"Every time I watch a Nicholas Sparks adaptation, I think I die a little on the inside."
-Anyone with sense, 2014
Another Nicolas Sparks romantic drama makes its way onto cinema screens to exploit the vulnerable and make everyone else retch and writhe in agony at the film's existence.
As expected, this is very much like every other Sparks adaptation. Though, if you want more detail, it comes off like he is attempting a version of 'Endless Love', just minus the unintentionally amusing stuff about the psychotic father of the female protagonist and with the addition of all this corny talk about destiny and being there for a reason (which, interestingly, is what 'Annabelle' also touches upon. Oh, how this film could have done with a possessed doll. Though I'd rather Chucky appeared as he is more likely to kill off everybody in this faster than Annabelle).
At the heart of this loathsome romance is a pathetic duo who were once high-school lovers but haven't seen each other for 20 (oh, I mean 21, but who's counting?) years. But they still apparently are very much in love because... destiny... or something. Well, at least Sparks isn't recycling ghost-wife for this story.
The film starts with the older versions of our protagonists moping about something or other. Amanda (Michelle Monaghan) is apparently in an unhappy marriage. You see, the husband isn't shown as the nicest guy. He obviously has to be shown that way to show how perfect the male protagonist is. But, as this is a Sparks adaptation, it isn't done in a subtle or carefully handled way. The male protagonist here goes by the name of Dawson (James Marsden), and he starts the film on an oil rig as a well-liked employee. But disaster strikes and he plays the superhero before being blasted off into the water. He survives and is told that this is a miracle because he should have either a) drowned or b) been killed on impact with the water. A pity, really.
Both lovers are then summoned to where they used to live as teenagers to deal with the will of a dead friend. It is here where they re-Spark their romance and we are privy to their past. Amanda has rich parents while Dawson is the son of an abusive father who deals in drugs or such. For whatever reason (destiny), Amanda and Dawson immediately feel attracted to each other (makes life easier) and they start hanging out with each other. Nothing can split them apart... until some more bad stuff happens in a typically Sparksy way (I really hope no-one takes what he does seriously as it is always the same to the point of it being a joke). And then even more bad stuff happens when they're the older versions of themselves. But worry not! It all works out in a way you can see miles away but I think we're still meant to find touching. Why does it all work out? Because... DESTINY! And because this is Nicholas Sparks and true love conquers all! Mwahahahahaaaaaaaa!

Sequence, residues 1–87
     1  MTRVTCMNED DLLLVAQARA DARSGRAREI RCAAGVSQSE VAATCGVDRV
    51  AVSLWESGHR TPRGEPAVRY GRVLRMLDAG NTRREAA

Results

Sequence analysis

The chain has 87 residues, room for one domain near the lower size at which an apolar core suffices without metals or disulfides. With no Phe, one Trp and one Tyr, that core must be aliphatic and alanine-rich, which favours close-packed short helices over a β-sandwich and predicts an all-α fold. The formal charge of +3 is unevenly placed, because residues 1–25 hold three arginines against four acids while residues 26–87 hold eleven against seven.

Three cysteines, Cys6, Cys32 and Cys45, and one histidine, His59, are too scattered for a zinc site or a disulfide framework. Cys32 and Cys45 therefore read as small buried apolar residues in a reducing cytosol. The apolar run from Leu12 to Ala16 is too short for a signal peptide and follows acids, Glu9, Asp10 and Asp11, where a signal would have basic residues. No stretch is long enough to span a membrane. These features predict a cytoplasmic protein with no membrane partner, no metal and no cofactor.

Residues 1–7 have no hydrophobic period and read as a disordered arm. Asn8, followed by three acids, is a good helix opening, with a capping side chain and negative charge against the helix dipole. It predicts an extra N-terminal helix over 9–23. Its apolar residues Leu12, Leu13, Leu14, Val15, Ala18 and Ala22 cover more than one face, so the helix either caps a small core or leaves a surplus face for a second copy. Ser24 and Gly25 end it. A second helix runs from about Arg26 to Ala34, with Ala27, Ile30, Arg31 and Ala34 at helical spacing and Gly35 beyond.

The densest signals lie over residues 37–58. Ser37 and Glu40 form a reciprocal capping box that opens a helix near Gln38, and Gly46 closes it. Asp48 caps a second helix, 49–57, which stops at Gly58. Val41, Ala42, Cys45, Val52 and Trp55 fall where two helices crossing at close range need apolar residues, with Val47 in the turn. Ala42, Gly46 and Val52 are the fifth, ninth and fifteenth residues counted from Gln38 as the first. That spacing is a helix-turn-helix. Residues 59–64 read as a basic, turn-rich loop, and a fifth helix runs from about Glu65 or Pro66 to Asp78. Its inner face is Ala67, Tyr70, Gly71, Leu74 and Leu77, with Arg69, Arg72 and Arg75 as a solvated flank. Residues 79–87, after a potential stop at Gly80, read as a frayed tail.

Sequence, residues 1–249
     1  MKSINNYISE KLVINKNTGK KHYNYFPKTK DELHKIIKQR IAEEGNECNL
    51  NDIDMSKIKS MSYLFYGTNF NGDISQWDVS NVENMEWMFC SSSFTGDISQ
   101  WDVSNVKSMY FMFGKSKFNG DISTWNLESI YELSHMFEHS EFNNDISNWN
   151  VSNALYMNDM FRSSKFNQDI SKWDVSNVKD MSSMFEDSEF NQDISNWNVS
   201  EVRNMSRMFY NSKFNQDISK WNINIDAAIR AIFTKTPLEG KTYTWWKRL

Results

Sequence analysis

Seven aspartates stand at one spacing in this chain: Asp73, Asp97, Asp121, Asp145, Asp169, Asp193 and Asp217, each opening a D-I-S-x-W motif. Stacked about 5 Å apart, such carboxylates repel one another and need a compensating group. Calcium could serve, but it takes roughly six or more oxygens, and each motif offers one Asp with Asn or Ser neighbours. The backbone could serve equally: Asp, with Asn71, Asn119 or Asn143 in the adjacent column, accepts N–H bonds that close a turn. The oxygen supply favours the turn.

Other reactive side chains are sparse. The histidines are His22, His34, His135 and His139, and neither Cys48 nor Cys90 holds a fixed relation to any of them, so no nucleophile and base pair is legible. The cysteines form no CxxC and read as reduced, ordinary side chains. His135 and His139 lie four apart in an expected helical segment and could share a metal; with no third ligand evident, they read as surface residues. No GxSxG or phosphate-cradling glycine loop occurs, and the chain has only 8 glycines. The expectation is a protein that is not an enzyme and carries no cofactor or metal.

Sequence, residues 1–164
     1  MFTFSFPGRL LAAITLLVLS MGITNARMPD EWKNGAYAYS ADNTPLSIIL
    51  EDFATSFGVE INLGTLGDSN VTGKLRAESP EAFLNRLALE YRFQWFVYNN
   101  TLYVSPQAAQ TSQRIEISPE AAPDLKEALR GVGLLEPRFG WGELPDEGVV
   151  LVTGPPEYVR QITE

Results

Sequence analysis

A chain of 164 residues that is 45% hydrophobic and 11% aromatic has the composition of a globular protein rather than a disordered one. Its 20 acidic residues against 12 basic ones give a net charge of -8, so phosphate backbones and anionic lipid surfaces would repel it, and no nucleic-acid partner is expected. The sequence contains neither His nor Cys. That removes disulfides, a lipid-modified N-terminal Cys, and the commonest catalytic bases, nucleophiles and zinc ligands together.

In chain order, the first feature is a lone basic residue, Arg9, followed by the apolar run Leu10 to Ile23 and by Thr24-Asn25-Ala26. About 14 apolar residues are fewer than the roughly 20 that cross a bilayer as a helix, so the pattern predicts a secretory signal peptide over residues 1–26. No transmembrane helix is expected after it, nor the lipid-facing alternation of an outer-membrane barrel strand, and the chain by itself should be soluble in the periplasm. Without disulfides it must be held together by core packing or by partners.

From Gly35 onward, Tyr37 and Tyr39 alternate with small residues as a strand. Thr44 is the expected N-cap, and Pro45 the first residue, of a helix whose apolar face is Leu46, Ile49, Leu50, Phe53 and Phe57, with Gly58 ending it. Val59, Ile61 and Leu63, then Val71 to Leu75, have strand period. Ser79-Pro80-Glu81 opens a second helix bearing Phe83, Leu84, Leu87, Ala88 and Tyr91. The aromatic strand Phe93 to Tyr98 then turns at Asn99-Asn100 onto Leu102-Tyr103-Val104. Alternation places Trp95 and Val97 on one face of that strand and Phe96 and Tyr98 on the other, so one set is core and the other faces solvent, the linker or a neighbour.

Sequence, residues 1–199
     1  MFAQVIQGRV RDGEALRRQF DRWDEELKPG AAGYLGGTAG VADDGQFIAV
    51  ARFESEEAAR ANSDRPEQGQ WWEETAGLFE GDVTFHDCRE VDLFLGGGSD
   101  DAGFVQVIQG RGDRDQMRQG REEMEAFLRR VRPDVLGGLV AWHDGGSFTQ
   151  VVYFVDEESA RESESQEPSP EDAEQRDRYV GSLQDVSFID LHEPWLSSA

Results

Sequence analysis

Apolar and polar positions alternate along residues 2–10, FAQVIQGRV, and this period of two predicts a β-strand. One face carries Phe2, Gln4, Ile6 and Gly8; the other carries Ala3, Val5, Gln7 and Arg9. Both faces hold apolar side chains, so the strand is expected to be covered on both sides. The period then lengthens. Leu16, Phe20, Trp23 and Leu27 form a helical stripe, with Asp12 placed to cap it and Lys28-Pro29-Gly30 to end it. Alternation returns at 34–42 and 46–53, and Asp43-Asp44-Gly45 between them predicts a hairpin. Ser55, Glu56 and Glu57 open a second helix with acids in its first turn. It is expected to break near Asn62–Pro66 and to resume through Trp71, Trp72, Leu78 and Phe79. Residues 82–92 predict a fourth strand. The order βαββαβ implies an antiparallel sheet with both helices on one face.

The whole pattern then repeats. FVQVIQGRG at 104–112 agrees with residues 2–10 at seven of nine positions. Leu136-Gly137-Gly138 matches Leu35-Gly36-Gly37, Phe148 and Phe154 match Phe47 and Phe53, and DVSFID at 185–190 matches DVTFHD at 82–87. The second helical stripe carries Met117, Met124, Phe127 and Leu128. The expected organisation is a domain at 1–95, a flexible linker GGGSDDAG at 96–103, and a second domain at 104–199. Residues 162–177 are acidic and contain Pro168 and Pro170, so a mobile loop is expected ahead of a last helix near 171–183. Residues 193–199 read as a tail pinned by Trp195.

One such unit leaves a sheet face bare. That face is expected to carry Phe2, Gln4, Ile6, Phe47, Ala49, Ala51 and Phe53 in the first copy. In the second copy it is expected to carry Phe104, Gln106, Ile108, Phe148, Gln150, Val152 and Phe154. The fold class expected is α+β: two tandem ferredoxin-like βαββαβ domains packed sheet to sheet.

I'm not sure if it is a good thing or not, but the film was exactly what I thought it would be. Hey, I'm glad it wasn't worse. *shudder* I dread to think what the film would have looked like if that was the case. As with other Sparks adaptations, this was bland and boring. The characters/stereotypes/caricatures have no personality and are restricted to minimal attributes to suit this shallow romance. It's also all done in typical fashion.
Yet none of that should be a surprise. You should know exactly what you're getting when you watch one of these films. Sparks fans will lap it up (poor souls) while the non-converted will remain as they were. I thought it was a highly unpleasant experience and I'd advise you to steer clear of it.
Oh my goodness, it's painful to even just watch the trailer again.